“Richard and I both believe that something transcendental is involved with the mind, consciousness, and the path of awakening-call it God, Spirit, Buddha-nature, the Ground, or by no name at all. Whatever it is, by definition it’s beyond the physical universe” (9).

Virtue, Mindfulness, and Wisdom
Virtue simply involves regulating your actions, words, and thoughts to create benefits rather than harms for yourself and others…Mindfulness involves the skillful use of attention to both your inner and outer worlds…Wisdom is applied common sense, which you acquire in two steps. First, you come to understand what hurts and what helps…Then, based on this understanding, you let go of those things that hurt and strengthen those that help” (13).

“Well, who is the one person in the world you have the greatest power over? It’s your future self. You hold that life in your hands, and what it will be depends on how you care for it” (16).

Everything changes. That’s the universal nature of outer reality and inner experience. Therefore, there’s no end to disturbed equilibria as long as you live” (33).

“Oxytocin-promotes nurturing behaviors toward children and bonding in couples; associated with blissful closeness and love; women have more oxytocin than men” (37).

“The brain is drawn to bad news” (41).

“In relationships, it typically takes about five positive interactions to overcome the effects of a single negative one” (41).

“Compassion for yourself helps reduce your suffering” (48).

The first and second dart: “inescapable physical and mental discomfort is the first dart…reactions are the second darts-the ones we throw ourselves. Most of our suffering comes from the second darts” (50).

“Suffering is not abstract or conceptual. It’s embodied” (51).

“If you’re feeling ambitious, do something additional: take small risks and do things that reason tells you are fine but worry wants you to avoid” (74).

“It takes an active effort to internalize positive experiences and heal negative ones” (75).

“When have you felt really strong yourself? What was that experience like-in your body, your emotions, and your thoughts? Strength is often quiet, receptive determination rather than chest thumping pushiness” (104).

“Equanimity is neither apathy nor indifference: you are warmly engaged with the world but not troubled by it” (110).

“Physical pain and social pain are based on overlapping neural systems” (128).

“We are social animals who need to feel felt…Empathy contains an inherent generosity: you give the willingness to be moved by another person” (138-139).

“Loving-kindness is not about being nice in some sentimental or superficial way: it is a fearless, passionate cherishing of everyone and everything, omitting none” (160-161).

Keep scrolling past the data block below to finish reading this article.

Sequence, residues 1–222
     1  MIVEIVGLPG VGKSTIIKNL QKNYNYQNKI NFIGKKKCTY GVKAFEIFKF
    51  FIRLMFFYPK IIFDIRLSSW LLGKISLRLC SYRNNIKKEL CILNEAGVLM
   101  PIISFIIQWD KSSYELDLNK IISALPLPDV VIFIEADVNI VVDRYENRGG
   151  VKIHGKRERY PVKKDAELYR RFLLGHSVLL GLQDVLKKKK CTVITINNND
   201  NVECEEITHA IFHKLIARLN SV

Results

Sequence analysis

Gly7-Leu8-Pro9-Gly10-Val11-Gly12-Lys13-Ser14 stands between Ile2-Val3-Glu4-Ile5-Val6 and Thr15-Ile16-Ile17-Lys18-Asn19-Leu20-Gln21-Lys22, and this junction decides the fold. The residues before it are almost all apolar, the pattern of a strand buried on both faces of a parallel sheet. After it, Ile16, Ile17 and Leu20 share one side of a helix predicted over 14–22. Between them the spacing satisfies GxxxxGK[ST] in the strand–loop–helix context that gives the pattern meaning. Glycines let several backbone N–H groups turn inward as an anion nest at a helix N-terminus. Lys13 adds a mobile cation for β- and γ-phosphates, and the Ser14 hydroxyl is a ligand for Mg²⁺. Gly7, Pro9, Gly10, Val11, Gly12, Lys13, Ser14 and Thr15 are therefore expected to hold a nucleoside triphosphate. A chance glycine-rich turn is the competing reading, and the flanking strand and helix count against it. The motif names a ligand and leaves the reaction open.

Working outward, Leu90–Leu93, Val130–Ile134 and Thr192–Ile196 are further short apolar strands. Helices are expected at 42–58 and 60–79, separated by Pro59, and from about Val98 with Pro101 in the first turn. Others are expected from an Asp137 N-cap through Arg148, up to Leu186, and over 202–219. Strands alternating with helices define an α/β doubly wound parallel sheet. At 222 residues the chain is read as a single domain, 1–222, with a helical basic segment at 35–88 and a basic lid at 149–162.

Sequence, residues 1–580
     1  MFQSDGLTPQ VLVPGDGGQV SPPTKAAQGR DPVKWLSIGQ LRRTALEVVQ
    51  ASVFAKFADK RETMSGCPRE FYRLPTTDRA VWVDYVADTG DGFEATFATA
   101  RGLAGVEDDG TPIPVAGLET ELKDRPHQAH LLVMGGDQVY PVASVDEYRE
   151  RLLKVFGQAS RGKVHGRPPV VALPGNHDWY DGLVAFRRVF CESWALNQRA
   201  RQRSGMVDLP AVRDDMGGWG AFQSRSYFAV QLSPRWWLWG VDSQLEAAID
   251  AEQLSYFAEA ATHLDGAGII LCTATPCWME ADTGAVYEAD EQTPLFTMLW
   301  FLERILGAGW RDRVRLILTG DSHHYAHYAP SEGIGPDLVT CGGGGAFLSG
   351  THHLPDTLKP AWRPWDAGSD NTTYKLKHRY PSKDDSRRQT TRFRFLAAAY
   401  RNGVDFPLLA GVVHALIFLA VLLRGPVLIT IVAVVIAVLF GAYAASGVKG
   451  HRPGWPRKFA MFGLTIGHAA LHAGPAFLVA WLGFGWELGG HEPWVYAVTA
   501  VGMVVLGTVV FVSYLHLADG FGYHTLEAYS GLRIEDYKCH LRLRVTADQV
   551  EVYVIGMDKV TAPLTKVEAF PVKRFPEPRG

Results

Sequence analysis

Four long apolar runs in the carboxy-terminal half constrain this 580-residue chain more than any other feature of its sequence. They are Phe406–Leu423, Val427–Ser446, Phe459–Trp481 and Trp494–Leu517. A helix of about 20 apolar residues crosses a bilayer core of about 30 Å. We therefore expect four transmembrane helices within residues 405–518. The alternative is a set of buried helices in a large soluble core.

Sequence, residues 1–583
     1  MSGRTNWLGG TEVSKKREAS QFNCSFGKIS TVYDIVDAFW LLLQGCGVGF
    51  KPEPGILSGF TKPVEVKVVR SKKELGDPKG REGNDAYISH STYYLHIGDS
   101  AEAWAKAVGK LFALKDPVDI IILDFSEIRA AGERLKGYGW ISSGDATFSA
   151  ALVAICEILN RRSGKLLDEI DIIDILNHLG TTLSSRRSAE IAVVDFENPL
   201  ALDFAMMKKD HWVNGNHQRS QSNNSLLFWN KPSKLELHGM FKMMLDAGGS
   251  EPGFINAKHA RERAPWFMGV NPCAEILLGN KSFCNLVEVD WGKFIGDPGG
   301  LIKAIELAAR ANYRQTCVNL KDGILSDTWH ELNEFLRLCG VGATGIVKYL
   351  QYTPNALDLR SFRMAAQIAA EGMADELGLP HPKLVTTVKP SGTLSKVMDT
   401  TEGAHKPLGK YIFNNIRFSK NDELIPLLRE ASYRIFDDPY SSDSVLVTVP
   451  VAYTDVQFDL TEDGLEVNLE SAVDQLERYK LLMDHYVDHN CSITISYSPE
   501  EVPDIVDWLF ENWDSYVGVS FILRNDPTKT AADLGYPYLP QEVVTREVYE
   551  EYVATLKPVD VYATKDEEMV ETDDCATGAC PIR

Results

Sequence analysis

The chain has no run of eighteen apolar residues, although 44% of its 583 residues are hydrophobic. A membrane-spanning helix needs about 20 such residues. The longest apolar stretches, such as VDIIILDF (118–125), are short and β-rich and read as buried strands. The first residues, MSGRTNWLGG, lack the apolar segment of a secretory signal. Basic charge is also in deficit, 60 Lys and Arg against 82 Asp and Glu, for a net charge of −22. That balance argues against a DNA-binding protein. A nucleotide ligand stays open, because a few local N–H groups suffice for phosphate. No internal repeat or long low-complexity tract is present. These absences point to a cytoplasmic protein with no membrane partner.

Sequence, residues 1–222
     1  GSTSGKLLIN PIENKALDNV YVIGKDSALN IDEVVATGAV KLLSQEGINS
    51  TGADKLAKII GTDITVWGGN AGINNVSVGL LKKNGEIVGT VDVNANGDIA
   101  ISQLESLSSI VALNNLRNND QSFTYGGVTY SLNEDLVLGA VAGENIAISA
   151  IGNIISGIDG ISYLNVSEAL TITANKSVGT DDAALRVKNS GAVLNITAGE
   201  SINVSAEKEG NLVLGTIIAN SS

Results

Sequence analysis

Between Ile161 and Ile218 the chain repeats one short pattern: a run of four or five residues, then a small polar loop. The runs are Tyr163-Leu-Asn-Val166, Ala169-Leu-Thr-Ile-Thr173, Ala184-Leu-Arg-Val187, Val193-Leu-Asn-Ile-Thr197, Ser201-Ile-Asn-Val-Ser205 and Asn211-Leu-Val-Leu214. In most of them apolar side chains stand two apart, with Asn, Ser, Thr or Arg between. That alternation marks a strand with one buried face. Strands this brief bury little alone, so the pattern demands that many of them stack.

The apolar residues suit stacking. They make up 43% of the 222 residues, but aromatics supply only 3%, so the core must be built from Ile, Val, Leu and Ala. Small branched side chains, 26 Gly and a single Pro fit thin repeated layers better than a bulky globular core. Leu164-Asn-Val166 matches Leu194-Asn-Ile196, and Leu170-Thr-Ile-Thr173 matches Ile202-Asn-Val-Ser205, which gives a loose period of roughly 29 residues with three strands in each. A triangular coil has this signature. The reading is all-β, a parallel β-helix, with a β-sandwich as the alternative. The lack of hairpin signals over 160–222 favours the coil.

“Life includes getting wounded. Accept as a fact that people will sometimes mistreat you, whether accidentally or deliberately” (167).

“Developing greater control over your attention is perhaps the single most powerful way to reshape your brain and thus your mind” (177).

The previous quotes are the things that I underlined or marked strongly in my copy of Buddha’s Brain. I don’t think I’m ready to go into the particulars yet, but I definitely intend to write about some of them soon. But who knows what “soon” means.

I’m currently reading Hector and the Search for Happiness. I’m really enjoying it. It’s very quaint and amusing. I found it last semester by doing one of my favorite things: wandering aimlessly around a book store.

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Revisting Story of a Soul

Not only do I have a new mission for the blog, but one of the major issues in my life that was causing me so much stress and unhappiness has resolved itself. Although it did not come to the resolution that I hoped for and I am still very sad, it does feel better to be out of limbo. Onto my new blog mission: before I return to school after my spring break I intend to write a blog post for every book we have read so far. In each of these posts I will list the themes/things that stuck out to me the most and if I feel inspired I might also write a bit about why that is.

I’m going to begin with Story of a Soul.

“I should suffer terribly if I ever had to leave here. My heart is far from hard, and it is because it can suffer so much that I want to offer to Jesus all it is able to endure…I dream of a convent where I should be unknown and forced to endure the pain of exile…I know I would not be disappointed, for the slightest pleasure is a surprise when one expects nothing but suffering. And suffering itself becomes the greatest of all joys when one seeks it like a precious treasure” (121).

Therese’s longing for suffering (of all kinds) was initially very shocking to me. She wanted to take in all the suffering of the world and felt that doing so would make her happier. At first glance this seems completely backwards. Who would want to volunteer for more suffering than they already have to endure? Actually, there is at least one simple answer to this question (and I’m sure you could think of more if you tried): mothers. It is often said that a mother would do almost anything to take away suffering from her child.

Perhaps what is even more striking about this theme of suffering is that every single other book whether secular or religious, has agreed with Therese about the benefits of experiencing suffering. I’m hoping that this frequent stream of advice about the positives of suffering will help me to make it through my own in both the present and the future.